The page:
Fraccaroli, U.S. Patent Application Publication 2002/0137528 dated Sep. 26, 2002, describes a method by which digital images created by a mobile station are provided to an assistance center, such as a “911” type emergency dispatch center. The image is created automatically upon initiation of a request for assistance from the assistance center at the mobile station. While the '528 patent application discloses a method of sending media from a wireless device to an assistance center, it does not contemplate or suggest a network entity automatically providing prompts or other input to stimulate generation of media content and transmitting the content from the mobile station to a network node, and thus does suggest features of this invention. Nor does it contemplate a system in which a messaging service node managed by a wireless service provider provides media capture messaging services for unrelated entities, e.g., insurance companies or health care companies.
In a first aspect, a method is provided for obtaining media from a wireless communications device. The term “wireless communications device” is intended to be interpreted broadly to encompass cellular telephones, personal digital assistants, or other portable communications devices that are capable of communication with a network entity on a packet switched network via a radio access network, e.g., CDMA cellular telephone network.
The method comprises a step of sending an encoded message from a message service node to the wireless device. The encoded message, which may take the form of a scheduling message, includes a prompt displayable at the wireless device prompting or reminding the user of the wireless device to capture media. The message includes a scheduling feature (e.g., date or time, or other information) that indicates when the prompt is to be displayed. The message further includes a network address (e.g., in the form of a URL link) where the captured media is to be sent by the wireless communications device.
Thus, the wireless device receives the message and then a prompt in accordance with the message is displayed. The prompt is displayed at a time according to the schedule feature. The time may be immediate upon receipt of the message, later at a designated time, or periodically, e.g., every day at a certain time. The media is then captured (preferably by a camera or microphone built into the device, but this is not necessary), and the media is sent to the address specified in the message.
In one typical embodiment, the media comprises an image and the message prompts the wireless device to capture the image with a camera incorporated into the device. In another typical embodiment, the media may consist of audio, such as the voice, musical recording, or other sound.
The message format for the encoded message may take a variety of formats. One presently preferred format is that of a Multimedia Messaging Service (MMS) message.
The situation may arise that the device is turned off, is busy when the message is sent, or the message fails to be delivered to the device. Accordingly, in another aspect, the message service node preferably includes a queue or buffer for storing the message, and the message is sent at a later time. In another aspect, a prompt message is sent periodically to the wireless device, e.g. once a day or once a week.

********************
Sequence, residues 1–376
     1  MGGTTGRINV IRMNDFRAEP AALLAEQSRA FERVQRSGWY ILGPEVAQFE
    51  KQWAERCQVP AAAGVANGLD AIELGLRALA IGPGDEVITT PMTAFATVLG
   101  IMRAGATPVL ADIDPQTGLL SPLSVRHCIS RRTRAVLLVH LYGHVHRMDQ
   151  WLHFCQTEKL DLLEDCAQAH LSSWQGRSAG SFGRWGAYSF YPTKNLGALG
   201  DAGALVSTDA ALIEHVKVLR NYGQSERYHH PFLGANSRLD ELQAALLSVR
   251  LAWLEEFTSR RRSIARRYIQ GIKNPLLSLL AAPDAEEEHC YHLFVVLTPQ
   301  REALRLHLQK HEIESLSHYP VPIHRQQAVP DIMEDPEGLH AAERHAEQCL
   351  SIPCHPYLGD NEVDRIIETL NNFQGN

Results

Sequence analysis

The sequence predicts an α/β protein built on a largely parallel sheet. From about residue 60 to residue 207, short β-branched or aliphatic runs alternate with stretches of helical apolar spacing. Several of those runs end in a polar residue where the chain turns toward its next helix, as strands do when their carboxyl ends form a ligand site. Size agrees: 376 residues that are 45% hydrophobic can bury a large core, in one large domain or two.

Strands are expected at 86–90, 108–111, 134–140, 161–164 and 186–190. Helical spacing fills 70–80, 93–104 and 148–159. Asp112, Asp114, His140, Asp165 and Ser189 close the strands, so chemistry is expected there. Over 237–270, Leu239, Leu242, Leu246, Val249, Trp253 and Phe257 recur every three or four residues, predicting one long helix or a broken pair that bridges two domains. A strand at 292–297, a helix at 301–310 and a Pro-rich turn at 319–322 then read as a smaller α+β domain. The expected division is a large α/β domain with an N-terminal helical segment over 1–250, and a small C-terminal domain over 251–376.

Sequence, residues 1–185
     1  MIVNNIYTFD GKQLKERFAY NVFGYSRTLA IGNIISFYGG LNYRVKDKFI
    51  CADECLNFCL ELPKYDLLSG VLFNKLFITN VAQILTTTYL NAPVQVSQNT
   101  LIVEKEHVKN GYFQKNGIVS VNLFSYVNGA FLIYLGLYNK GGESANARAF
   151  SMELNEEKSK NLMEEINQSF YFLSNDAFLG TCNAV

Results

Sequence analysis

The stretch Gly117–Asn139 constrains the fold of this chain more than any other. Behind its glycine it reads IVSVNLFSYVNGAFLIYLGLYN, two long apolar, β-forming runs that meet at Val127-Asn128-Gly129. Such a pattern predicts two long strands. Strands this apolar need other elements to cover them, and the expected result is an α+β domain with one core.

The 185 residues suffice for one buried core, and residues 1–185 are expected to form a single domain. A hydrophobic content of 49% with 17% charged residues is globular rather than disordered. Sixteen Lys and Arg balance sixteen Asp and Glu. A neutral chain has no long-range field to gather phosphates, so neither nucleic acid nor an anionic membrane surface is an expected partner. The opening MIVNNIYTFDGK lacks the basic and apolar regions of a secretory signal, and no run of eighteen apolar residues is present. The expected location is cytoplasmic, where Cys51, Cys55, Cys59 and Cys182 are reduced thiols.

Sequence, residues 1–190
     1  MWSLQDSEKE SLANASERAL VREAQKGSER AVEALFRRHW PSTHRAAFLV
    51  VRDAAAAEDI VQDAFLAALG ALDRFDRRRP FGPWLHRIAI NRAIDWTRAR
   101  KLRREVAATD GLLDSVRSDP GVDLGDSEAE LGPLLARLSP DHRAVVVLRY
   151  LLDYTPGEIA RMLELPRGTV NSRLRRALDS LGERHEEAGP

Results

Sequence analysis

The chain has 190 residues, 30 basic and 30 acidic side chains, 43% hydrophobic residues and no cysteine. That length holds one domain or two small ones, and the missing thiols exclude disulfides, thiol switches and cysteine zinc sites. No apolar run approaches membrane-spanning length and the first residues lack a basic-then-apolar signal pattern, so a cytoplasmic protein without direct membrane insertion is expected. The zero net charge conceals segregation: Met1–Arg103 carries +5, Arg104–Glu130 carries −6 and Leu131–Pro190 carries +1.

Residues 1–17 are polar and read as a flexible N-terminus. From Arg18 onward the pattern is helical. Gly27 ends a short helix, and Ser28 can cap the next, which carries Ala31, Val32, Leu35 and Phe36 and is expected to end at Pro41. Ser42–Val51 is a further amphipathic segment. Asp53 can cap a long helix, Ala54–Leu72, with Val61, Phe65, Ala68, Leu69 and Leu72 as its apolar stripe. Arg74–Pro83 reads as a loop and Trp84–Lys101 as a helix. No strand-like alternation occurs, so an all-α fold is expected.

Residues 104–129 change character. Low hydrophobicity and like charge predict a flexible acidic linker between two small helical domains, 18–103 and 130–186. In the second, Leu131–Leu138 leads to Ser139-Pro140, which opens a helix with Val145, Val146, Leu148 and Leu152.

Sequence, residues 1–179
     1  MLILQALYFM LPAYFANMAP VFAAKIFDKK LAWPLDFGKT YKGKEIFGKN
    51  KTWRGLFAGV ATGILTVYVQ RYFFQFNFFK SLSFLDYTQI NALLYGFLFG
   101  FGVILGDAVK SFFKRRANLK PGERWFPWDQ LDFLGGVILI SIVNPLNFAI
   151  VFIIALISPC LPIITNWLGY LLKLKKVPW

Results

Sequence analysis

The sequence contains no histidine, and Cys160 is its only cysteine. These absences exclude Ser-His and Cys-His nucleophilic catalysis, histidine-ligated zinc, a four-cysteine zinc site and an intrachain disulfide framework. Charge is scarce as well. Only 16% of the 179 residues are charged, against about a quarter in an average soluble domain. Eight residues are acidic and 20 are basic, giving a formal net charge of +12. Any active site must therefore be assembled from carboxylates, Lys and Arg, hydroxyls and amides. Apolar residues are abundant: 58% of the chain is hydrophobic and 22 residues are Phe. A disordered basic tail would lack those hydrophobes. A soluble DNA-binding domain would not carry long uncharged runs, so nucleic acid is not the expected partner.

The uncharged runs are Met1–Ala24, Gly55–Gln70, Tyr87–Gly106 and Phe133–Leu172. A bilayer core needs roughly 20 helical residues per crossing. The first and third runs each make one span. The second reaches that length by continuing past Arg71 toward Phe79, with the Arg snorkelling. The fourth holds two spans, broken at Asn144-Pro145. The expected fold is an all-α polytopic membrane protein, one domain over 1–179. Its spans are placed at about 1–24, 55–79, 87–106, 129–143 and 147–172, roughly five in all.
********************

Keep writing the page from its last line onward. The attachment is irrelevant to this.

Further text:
The invention can be implemented as a system including a message service node which provides messaging services for a plurality of wireless communications devices. In this situation, the message service node is preferably managed by a provider of wireless communications services and provides messaging services for a number of subscribers to the service provider. The prompt message can be generated by a network node different from the message service node and transmitted to the message service node for transmission to the wireless communications devices. For example, the network node generating the messages could be a network node managed by a unrelated entity such as an insurance company, health or medical company, government agency, entertainment company, repair shop, or other type of entity. The message service node provides a clearinghouse which collects all these messages, formats them if necessary in accordance with the required format for the message (e.g., in MMS form) and then sends them to the wireless devices on behalf of the entities that generated the prompt messages.
In another aspect of this invention, a wireless communications device is provided that facilitates media “pull” from a network node. The device comprises transmit and receive circuitry for communications with the network node over a radio access network; a graphical user interface presenting prompts and information to the user of the device; and a processor executing software instructions loaded in memory on the device. The software instructions include instructions for the processor to process an encoded message from a message service node and responsively display a prompt on the graphical user interface associated with the message. The prompt prompts the user of the device to transmit a media file to the network node. The prompt message includes a network address where the media file is to be transmitted, and this address may be displayed in the form of a hyperlink.
Before describing a representative system and method for practicing the invention, a brief overview and example will be provided. Consider a hypothetical situation where a user needs to do something at a specific time, and media capture is associated with the activity. For instance, the user may have signed up for a weight loss program, or may have been released from the hospital under circumstances where the user is required to take pictures of their meals and send those pictures to a network node, e.g., central server of a weight loss clinic or medical facility. This invention provides a mechanism by which the pictures are uploaded to the network node.